Amaysim, Lycamobile pulled up over use of the word "unlimited".
Mobile carriers Amaysim Australia and Lycamobile have paid more than $130,000 in penalties following infringements from the Australian Competition and Consumer Commission for allegedly misleading customers about their mobile phone plans.
Amaysim copped the bigger hit of the two telcos, paying $126,000 while Lycamobile was charged $12,600, for what the consumer watchdog alleged was a misrepresentation of the word “unlimited” in their advertisements on social media.
The ACCC said despite the carriers advertising their plans were unlimited, the plans in question did have a maximum data allowance.
An Amaysim ad in dispute, posted to Twitter, carried the statement ‘…your mother loves the Unlimited Mobile Data offer from amaysim’ along with the hashtag #UnlimitedMobileData. The ACCC reports that the plan only provided an unlimited data allowance for the first three renewals, after which it would revert to a capped amount.
In the case of Lycamobile, it published an advert on its Facebook page which referred to ‘Unlimited Plan S’ and ‘Unlimited Plan M’, each of which had a capped data allowance despite representing to customers otherwise, according to the ACCC.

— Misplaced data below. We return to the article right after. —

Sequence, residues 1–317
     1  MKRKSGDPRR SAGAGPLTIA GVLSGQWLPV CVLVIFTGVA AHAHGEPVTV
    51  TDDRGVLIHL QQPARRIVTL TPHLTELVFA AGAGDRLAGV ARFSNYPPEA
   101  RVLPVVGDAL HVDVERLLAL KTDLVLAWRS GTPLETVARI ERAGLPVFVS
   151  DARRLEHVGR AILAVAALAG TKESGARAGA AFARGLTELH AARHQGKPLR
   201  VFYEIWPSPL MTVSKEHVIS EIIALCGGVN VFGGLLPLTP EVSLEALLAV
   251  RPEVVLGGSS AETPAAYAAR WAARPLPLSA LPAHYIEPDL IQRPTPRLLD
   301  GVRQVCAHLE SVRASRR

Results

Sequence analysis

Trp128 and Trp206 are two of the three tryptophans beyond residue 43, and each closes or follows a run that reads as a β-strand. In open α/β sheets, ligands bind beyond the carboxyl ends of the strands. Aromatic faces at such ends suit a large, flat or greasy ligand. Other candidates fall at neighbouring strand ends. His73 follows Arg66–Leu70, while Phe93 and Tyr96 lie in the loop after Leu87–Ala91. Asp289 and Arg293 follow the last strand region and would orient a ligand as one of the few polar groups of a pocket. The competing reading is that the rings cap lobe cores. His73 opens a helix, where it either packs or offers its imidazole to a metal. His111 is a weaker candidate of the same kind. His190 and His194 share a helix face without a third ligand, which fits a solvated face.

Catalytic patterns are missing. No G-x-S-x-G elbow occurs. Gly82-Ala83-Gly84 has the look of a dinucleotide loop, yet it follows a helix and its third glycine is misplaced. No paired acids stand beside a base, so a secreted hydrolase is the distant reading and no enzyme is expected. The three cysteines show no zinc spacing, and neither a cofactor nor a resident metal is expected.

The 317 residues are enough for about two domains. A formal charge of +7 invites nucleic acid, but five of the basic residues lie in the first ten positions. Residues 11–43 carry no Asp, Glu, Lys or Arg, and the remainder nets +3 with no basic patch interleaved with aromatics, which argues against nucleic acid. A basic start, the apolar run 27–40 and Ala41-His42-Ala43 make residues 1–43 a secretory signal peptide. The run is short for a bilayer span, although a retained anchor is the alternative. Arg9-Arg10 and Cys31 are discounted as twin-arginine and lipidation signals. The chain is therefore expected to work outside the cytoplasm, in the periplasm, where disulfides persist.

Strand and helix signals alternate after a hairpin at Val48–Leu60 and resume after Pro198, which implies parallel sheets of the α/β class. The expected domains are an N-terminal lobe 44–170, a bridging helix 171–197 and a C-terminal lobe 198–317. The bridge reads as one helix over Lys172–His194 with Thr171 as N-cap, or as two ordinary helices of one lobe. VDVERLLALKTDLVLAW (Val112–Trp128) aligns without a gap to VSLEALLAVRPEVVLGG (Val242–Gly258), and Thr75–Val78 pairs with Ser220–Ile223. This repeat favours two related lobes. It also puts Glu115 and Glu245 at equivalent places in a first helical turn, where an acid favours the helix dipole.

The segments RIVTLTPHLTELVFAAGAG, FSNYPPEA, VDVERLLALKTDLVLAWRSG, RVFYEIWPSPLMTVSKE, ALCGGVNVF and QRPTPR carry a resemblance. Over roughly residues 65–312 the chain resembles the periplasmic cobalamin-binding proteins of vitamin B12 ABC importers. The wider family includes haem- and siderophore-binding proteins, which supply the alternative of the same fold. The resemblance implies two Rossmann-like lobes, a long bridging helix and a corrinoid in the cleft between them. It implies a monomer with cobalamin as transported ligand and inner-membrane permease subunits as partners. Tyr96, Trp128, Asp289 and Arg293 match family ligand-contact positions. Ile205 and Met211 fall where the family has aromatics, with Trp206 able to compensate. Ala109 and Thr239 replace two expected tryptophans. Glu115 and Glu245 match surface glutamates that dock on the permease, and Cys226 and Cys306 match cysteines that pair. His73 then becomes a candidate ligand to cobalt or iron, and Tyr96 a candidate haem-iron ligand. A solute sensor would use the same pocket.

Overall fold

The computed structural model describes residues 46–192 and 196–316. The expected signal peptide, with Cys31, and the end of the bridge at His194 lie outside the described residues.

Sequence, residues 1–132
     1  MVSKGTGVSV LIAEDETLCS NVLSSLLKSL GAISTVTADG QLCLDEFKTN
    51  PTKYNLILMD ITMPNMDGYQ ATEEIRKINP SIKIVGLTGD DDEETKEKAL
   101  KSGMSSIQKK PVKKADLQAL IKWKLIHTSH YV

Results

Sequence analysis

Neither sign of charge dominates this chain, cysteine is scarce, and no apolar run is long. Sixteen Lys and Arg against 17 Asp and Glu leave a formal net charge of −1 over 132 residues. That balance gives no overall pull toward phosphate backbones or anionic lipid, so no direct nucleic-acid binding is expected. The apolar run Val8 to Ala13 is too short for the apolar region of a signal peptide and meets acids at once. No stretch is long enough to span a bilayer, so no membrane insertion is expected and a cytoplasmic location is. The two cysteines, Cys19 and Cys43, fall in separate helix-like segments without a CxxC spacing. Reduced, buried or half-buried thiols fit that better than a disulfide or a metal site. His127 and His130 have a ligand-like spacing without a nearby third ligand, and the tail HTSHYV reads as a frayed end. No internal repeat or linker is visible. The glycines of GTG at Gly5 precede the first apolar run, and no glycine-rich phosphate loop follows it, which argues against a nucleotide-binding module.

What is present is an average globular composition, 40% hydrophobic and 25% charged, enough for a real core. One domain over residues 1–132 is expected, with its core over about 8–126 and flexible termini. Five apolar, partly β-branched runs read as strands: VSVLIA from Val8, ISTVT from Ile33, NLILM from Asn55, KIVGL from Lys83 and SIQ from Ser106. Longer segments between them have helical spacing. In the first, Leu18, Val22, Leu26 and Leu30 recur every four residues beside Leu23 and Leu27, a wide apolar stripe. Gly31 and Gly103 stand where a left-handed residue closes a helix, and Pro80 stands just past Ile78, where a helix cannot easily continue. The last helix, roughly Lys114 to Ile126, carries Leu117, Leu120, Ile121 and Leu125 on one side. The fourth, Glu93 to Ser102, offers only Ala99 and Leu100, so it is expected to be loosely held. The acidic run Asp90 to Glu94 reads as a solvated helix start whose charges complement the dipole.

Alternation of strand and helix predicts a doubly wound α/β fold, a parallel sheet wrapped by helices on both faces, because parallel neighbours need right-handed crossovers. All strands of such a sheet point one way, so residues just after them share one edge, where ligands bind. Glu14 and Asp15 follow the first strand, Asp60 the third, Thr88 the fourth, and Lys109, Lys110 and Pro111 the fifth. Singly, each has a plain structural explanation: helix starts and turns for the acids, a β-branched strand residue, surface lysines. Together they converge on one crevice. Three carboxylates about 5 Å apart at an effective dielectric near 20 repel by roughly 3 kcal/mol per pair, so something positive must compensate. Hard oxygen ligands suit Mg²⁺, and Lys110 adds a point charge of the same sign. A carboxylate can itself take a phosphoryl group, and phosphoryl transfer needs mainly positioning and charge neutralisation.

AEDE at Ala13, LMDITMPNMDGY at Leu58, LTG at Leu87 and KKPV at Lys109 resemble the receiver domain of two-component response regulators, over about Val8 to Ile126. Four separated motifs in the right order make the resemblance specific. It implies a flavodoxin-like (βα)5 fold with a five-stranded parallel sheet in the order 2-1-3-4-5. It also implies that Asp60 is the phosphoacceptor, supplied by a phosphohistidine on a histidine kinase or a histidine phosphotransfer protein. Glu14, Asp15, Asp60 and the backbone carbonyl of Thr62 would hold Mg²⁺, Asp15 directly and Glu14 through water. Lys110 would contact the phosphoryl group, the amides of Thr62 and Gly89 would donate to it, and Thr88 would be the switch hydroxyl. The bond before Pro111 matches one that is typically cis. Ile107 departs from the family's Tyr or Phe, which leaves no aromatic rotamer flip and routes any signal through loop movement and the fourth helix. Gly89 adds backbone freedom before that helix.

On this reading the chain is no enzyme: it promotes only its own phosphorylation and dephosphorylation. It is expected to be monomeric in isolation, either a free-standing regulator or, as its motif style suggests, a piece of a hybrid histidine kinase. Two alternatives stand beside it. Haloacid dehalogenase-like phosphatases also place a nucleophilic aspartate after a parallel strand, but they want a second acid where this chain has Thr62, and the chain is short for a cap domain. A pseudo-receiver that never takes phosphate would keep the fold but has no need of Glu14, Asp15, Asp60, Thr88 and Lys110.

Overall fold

The ACCC declared the ads breached Australian Consumer Law, with chair Rod Sims breaking down the specifics.
“Consumers who saw the word ‘unlimited’ in the advertisements without any explanation of the limits of the plans were likely to expect they would not be charged additional fees for mobile data, no matter how much data they used,” Sims said.
“The telco industry has been previously put on notice that their advertisements must be clear and transparent, and must not contain claims like ‘unlimited’ without a clear and prominent disclosure of any qualification or exception which applies to the offer. We will continue to monitor mobile plan advertisements and won’t hesitate to enforce the law.
“The amount of data included in a mobile phone plan is an important factor for many consumers in choosing a plan, and it is important that consumers can readily understand what they are signing up to.”